Mendota Community Hospital ● 1315 Memorial Drive ● Mendota, IL  61342 ● 815-539-7461

   
 
   
 

HOSPITAL ADDS NEW BONE DENSITOMETER TO ITS SERVICES

Mendota Community Hospital’s Radiology Department recently installed a new clinical bone densitometer, the Hologic Discovery, (known as the “gold standard” of bone assessment methods), to its diagnostic services. Its assessment of existing vertebral fractures is comparable in sensitivity and specificity to that of traditional lateral X-ray. The bone densitometer measures the bone mineral content and density of specific bone sites (mainly the hip and spine) that are most susceptible to fracture due to osteoporosis and other degenerative bone diseases.  The prevalence of these diseases, especially in post-menopausal women and men over the age of 65 years, makes bone densitometry a necessary part of a complete bone health program.

MCH installed a new clinical bone densitometer, the Hologic Discovery, (known as the “gold standard” of bone assessment methods).

Osteoporosis, the most common human bone disease, occurs when bone resorption exceeds bone formation, resulting in reduced bone strength, poor bone quality, and an increased risk of bone fracture. As part of the natural aging process, bones begin to deteriorate faster than new bone can be formed, eventually progressing to a point where a fracture can easily occur causing pain, disability, and even death. The most common fractures are those of the proximal femur (hip), vertebrae (spine) and distal forearm (wrist). Osteoporosis poses a serious threat to 28 million Americans – 80% of whom are women. Half of all women past menopause are at risk of developing osteoporosis…one out of three will fracture. Two of the strongest risk factors for osteoporosis fractures are existing vertebral fractures and low bone density. MCH’s new Hologic X-Ray bone densitometer is being used to detect existing or new vertebral fractures and to measure bone density in an effort to help diagnose and treat osteoporosis. Bone density testing is fast and painless. It requires no injections or invasive procedures. During a test, the patient lies fully clothed on a padded treatment table while the machine scans one or more areas of bone. The entire test normally takes only minutes to complete. And even though the machine emits x-rays, the radiation dose during the test is less than the radiation exposure during a coast-to-coast airline flight.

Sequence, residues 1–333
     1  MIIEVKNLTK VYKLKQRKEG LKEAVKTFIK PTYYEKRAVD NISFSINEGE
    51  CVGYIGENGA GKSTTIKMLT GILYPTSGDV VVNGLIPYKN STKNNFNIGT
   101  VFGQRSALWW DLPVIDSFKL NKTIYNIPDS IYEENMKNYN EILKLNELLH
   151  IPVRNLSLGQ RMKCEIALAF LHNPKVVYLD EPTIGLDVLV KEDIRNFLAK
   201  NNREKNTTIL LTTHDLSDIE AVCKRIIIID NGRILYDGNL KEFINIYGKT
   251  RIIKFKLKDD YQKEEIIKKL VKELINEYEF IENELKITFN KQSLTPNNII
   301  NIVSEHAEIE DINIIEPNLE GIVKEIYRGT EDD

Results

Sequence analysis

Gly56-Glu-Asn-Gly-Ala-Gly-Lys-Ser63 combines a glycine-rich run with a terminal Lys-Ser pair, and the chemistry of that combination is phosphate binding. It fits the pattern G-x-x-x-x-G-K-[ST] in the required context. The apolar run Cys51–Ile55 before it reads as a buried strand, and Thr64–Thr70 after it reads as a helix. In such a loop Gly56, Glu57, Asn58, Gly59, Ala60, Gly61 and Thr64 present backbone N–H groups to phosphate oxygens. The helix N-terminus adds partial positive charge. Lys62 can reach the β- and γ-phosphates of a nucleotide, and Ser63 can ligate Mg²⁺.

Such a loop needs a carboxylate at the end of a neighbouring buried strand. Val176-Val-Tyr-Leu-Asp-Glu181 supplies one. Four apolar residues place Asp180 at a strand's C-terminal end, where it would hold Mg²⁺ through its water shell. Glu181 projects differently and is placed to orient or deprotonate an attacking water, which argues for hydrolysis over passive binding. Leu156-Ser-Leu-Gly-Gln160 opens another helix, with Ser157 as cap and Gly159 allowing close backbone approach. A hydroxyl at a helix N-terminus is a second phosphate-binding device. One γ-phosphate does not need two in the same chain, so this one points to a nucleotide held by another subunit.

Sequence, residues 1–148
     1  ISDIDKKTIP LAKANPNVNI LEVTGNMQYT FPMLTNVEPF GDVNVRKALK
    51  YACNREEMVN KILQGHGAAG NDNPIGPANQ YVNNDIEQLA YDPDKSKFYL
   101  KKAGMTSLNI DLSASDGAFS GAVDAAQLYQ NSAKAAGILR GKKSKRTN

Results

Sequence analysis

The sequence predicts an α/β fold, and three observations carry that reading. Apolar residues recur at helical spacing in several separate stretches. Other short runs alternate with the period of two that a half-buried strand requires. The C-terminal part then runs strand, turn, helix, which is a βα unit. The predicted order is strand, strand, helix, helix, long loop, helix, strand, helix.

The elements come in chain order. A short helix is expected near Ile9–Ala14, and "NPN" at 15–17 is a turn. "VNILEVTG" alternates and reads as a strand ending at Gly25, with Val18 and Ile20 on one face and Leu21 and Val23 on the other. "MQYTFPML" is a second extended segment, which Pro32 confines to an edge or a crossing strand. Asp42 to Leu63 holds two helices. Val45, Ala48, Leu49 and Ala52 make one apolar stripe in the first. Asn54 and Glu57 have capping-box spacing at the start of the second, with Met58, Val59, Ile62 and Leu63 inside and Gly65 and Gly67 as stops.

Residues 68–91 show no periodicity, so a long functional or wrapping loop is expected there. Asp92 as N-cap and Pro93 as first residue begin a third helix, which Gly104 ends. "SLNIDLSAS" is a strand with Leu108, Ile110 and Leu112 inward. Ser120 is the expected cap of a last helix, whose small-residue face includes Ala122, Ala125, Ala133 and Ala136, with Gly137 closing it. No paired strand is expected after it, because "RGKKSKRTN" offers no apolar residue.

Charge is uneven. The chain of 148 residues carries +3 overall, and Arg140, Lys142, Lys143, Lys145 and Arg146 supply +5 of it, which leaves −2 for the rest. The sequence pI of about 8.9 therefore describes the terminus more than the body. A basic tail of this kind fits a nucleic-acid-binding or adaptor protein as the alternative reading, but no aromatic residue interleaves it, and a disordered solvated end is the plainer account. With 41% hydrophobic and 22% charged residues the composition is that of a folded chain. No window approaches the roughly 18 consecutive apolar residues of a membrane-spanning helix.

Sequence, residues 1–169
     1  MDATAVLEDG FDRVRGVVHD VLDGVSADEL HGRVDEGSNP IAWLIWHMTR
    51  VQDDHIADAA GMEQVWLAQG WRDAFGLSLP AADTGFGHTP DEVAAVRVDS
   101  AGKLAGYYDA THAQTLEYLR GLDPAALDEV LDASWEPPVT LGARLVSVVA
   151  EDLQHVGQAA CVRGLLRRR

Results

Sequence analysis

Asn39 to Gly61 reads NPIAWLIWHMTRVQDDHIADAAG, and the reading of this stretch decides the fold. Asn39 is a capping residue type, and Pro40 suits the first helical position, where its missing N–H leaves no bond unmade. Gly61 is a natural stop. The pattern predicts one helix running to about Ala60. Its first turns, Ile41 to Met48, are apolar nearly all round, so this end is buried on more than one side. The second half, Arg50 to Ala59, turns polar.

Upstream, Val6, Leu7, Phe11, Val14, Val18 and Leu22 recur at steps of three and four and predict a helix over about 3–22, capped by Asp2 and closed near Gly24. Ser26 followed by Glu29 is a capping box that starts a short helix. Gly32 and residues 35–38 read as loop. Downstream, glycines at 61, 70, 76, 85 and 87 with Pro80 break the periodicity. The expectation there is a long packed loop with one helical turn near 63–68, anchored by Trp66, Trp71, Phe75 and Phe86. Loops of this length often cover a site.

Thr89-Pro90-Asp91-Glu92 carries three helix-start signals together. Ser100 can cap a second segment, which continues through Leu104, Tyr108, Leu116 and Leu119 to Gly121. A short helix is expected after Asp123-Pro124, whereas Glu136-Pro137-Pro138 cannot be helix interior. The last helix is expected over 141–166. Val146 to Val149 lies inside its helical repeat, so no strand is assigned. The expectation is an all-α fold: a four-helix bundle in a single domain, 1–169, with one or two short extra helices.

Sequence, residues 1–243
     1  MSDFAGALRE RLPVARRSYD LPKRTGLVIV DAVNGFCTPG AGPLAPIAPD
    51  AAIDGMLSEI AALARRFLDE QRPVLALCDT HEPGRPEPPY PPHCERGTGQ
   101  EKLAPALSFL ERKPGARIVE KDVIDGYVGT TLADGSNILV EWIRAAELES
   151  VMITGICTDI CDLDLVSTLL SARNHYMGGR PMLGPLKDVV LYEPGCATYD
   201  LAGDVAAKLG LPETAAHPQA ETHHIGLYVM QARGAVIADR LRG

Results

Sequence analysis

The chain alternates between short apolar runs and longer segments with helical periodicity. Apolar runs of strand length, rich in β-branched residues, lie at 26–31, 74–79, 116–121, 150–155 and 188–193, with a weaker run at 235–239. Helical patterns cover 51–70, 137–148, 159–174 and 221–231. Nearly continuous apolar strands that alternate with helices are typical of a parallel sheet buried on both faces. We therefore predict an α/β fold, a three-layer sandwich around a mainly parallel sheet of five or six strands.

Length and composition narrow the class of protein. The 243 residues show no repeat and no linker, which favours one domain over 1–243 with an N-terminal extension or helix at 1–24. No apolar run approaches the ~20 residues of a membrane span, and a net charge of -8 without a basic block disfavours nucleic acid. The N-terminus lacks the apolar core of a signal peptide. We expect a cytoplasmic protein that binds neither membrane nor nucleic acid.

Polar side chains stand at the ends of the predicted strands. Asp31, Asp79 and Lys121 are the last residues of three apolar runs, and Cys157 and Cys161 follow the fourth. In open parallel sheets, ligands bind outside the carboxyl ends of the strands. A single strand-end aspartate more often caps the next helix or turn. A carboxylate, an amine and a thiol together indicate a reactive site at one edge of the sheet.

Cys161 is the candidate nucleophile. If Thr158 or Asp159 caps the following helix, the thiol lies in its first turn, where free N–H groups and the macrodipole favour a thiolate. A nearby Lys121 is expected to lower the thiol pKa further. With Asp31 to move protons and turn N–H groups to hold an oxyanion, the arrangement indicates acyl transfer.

The National Osteoporosis Foundation (NOF) recognizes that many women are developing osteoporosis without being diagnosed or treated. Only 29% of American Women with osteoporosis are properly diagnosed. Only 14% of women with osteoporosis receive treatment. Who should have a Bone Mineral Density Test? Women who are 65 and older, regardless of other risk factors; postmenopausal women with one or more risk factors; and all postmenopausal women who have a fracture. “All women over age 50 or past menopause should talk to their doctors about their risk of developing osteoporosis,” encourages Cindy Stielow, Radiology Manager. “It’s much higher than most women realize.”

Anyone interested in determining their risk for developing osteoporosis should contact their family physician who will set up an appointment in Radiology at Mendota Community Hospital for a bone density assessment. “It seems tragic, adds Ms. Stielow, “that a woman could lose her independent lifestyle because of a hip fracture that could have been prevented.”

 
Mendota Community Hospital ● 1315 Memorial Drive ● Mendota, IL  61342 ● 815-539-7461
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